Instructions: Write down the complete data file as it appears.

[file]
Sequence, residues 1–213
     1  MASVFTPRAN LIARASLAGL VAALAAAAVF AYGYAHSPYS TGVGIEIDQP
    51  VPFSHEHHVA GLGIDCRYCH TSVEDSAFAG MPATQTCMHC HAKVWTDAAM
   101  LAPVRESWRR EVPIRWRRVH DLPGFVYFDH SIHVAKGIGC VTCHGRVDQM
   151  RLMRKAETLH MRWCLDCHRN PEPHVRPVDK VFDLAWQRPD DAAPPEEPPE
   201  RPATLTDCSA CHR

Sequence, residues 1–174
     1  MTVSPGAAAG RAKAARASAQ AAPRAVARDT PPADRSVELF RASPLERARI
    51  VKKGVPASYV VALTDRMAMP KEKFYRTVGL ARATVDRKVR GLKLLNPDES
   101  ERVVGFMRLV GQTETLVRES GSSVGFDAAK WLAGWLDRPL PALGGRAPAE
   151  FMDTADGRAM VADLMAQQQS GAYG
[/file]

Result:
Sequence, residues 1–213
     1  MASVFTPRAN LIARASLAGL VAALAAAAVF AYGYAHSPYS TGVGIEIDQP
    51  VPFSHEHHVA GLGIDCRYCH TSVEDSAFAG MPATQTCMHC HAKVWTDAAM
   101  LAPVRESWRR EVPIRWRRVH DLPGFVYFDH SIHVAKGIGC VTCHGRVDQM
   151  RLMRKAETLH MRWCLDCHRN PEPHVRPVDK VFDLAWQRPD DAAPPEEPPE
   201  RPATLTDCSA CHR

Sequence, residues 1–174
     1  MTVSPGAAAG RAKAARASAQ AAPRAVARDT PPADRSVELF RASPLERARI
    51  VKKGVPASYV VALTDRMAMP KEKFYRTVGL ARATVDRKVR GLKLLNPDES
   101  ERVVGFMRLV GQTETLVRES GSSVGFDAAK WLAGWLDRPL PALGGRAPAE
   151  FMDTADGRAM VADLMAQQQS GAYG